Curved monitors are relatively new to the general market and were initially recognised as enhancing the gaming experience. But should we be considering them in our offices, and even our home offices? Let’s take a look at the advantages and drawbacks of curved versus flat monitors.
Firstly, by way of introduction, curvature measures the degree of the curve. For example, 1800R of curvature means that if you line up enough of these monitors to form a circle, the radius would be 1800mm or 1.8 metres. Generally, a gaming monitor will have a tighter curve than those designed for other purposes.
Perhaps the biggest attraction of a curved monitor is the feeling of being immersed, an obvious attraction to gamers and viewable media watchers. The curved screen expands our peripheral vision enabling us to better focus on the screen content without distraction. Further, seeing the content in almost a 3-dimensional view is more engaging than a standard 2D view.
Glare is an oft spoken of topic when comparing curved to flat screens. While there is no argument that curved screens cut down on distortion by directing light to the eye, opinions differ on glare. If positioned correctly, a curved screen will reduce glare and reflections. However, if the surrounding lighting cannot be confined, the curve will collect the glare at countless angles which will be much more annoying than any flat screen. Therefore, the lighting and environment of your office space may need to be considered prior to making the change.
The larger horizontal screen may be good for those who like to multitask for work on a single screen, opening and working with multiple apps and documents. However, for those of us who have become accustomed to working across two (or even three) screens, it can be tricky setting up multiple curved screens due to the extra space required and the alignment.
So, you’ve decided to bite the bullet and try the latest gadgets in monitors, what’s the drawback? In order to benefit from a curved screen, you need to go big. Traditional screens have an aspect ratio of 16:9 but to be beneficial, a curved monitor is 21:9 (or even 32:9), that’s an extra 33% or more. Obviously, this adds to the space required on your desk but also adds to the cost of the monitor.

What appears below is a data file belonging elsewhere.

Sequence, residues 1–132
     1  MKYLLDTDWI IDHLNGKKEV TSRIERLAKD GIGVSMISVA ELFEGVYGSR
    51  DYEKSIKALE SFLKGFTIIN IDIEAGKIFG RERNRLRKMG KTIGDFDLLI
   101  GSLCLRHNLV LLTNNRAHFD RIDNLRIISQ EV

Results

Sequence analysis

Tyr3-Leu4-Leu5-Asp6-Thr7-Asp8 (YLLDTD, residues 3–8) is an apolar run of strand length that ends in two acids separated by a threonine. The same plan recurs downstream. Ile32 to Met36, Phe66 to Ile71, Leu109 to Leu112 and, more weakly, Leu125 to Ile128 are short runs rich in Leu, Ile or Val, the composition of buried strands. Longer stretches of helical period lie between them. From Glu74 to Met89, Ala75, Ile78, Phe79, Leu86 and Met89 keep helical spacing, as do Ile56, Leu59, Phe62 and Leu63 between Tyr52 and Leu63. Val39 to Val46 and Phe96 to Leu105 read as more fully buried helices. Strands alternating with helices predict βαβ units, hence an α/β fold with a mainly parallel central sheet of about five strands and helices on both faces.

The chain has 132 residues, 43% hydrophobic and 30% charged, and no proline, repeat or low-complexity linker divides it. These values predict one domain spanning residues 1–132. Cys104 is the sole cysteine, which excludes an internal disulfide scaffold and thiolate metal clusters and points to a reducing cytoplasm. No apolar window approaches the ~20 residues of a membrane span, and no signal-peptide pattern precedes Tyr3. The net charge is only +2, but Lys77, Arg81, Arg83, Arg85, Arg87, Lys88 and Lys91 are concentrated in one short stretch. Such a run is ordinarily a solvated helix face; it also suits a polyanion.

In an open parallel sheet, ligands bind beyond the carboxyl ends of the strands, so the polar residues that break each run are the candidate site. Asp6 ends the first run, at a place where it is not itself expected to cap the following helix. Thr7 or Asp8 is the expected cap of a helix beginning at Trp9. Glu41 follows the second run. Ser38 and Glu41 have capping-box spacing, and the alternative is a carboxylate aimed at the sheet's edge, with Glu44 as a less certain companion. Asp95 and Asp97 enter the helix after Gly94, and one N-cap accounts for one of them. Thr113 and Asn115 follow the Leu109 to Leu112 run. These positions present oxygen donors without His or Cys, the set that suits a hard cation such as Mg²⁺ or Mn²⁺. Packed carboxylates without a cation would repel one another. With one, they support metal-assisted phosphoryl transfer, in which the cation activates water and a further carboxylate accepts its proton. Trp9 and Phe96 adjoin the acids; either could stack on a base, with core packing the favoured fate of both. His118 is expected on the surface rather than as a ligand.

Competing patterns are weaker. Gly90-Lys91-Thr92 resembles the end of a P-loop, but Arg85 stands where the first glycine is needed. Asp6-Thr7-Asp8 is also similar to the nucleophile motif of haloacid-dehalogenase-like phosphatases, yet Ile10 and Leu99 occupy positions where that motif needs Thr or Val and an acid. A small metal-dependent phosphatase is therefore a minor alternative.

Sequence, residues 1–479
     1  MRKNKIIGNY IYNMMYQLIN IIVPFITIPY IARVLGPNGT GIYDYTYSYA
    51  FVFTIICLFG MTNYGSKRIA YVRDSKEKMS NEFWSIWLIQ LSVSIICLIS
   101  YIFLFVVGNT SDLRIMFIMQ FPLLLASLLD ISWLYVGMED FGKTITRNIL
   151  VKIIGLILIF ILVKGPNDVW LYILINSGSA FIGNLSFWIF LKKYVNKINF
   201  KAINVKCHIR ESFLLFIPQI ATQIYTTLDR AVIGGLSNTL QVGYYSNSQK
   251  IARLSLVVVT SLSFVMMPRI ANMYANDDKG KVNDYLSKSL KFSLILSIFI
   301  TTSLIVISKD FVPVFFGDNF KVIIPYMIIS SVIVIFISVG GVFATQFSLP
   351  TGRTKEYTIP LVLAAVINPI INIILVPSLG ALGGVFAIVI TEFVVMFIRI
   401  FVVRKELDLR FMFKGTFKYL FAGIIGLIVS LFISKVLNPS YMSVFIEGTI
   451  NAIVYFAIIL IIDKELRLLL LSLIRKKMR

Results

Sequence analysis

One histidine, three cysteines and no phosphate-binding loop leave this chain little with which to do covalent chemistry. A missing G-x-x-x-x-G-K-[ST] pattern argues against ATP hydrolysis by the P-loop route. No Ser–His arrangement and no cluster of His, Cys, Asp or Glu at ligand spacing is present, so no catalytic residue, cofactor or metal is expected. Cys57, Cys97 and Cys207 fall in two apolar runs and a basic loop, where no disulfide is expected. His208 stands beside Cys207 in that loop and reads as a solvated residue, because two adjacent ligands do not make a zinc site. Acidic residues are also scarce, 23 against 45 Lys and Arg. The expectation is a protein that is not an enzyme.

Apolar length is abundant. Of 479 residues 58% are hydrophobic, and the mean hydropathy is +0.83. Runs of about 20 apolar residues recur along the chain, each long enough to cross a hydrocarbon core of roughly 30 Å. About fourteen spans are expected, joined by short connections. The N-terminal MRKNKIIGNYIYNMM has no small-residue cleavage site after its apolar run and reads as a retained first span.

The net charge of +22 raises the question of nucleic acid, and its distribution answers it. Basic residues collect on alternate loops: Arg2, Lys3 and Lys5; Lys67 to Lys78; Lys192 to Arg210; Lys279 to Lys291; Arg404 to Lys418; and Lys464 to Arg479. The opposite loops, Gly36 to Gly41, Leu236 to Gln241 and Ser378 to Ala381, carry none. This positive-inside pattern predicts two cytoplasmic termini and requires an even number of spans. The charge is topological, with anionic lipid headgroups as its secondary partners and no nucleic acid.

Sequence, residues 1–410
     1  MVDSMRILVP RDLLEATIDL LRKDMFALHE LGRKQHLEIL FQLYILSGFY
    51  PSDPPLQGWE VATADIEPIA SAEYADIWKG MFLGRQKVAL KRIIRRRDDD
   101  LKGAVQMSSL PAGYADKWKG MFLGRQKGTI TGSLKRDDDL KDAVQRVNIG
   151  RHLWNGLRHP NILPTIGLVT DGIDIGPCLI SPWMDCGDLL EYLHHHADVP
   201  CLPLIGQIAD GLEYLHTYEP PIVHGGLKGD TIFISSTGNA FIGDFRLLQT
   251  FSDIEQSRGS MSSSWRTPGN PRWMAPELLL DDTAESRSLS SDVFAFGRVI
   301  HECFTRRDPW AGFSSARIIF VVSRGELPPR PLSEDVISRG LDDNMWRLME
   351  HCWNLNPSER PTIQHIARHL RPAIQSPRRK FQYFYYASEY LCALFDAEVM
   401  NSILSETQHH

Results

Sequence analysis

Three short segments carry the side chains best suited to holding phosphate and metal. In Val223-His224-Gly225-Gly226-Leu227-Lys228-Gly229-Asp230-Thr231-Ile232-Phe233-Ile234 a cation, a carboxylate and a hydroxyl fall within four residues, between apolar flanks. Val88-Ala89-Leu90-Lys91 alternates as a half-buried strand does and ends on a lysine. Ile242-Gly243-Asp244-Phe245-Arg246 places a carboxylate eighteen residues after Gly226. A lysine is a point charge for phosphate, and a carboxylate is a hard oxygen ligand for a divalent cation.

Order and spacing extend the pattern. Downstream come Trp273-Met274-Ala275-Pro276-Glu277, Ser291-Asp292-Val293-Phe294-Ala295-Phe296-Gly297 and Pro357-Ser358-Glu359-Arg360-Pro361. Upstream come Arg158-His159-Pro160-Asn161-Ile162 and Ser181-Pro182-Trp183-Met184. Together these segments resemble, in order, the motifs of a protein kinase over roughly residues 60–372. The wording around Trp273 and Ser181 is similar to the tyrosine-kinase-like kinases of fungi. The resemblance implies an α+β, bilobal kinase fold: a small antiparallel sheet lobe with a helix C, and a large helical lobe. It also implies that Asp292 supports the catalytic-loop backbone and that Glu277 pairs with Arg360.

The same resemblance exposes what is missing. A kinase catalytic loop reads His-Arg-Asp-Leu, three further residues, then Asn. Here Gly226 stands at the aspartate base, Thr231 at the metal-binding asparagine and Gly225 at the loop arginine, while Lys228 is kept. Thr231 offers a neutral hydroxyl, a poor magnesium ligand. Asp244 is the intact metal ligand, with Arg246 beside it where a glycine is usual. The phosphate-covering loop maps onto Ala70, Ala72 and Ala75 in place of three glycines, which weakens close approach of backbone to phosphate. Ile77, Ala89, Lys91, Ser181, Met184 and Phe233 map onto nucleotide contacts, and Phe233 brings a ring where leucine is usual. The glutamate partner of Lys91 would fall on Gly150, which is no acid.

Continuing with a comparison on the specs of each monitor, curved screens have height and tilt adjustments but not swivel control. For obvious reasons, the curved screen cannot pivot to a vertical position so that could be a limitation for some users. Further, ports often face downwards on the back side so it’s beneficial to connect cables at the time of set up as the monitors are large and cumbersome to move once in place.
In summary, if you like to game, watch media or work in a creative role with photos and graphics, the curved monitor is definitely for you. Converting to a curve is a bigger decision for those of us working outside of these areas. Although not impossible to move over to the curve if you’re attracted by the big immersive screen and (potentially) lower glare, it may take a little bit to become accustomed to multitasking on one big screen instead of moving between two flat screens.
As usual with all things technology related, the choices are becoming greater and this will be another personal decision for the end user. If you would like to discuss your options, please contact your Client Services Manager at Sentrian.